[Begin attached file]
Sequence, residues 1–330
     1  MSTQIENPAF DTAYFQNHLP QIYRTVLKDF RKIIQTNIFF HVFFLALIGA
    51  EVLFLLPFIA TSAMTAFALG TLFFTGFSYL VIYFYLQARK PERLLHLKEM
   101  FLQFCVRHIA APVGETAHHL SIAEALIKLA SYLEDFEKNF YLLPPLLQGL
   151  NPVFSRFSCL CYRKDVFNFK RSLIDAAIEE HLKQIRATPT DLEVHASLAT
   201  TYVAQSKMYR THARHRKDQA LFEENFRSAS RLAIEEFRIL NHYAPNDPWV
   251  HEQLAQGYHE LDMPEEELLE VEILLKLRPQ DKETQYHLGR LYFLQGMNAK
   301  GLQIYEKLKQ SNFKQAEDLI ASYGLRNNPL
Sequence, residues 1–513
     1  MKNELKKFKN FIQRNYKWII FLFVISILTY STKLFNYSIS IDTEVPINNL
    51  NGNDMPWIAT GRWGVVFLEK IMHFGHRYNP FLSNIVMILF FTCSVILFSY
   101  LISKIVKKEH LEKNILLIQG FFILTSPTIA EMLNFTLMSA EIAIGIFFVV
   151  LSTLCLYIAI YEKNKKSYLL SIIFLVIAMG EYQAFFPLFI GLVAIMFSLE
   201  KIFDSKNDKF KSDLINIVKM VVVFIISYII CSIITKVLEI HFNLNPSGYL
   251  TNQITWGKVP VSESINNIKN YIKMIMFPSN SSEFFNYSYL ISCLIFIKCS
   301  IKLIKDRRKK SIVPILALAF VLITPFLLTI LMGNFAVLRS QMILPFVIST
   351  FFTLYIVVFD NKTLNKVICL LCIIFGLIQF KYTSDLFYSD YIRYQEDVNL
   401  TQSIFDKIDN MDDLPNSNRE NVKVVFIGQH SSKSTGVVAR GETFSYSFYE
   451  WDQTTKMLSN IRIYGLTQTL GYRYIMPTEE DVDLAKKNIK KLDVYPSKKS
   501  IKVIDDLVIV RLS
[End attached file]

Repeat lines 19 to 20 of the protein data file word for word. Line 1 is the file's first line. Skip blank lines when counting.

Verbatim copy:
   451  WDQTTKMLSN IRIYGLTQTL GYRYIMPTEE DVDLAKKNIK KLDVYPSKKS
   501  IKVIDDLVIV RLS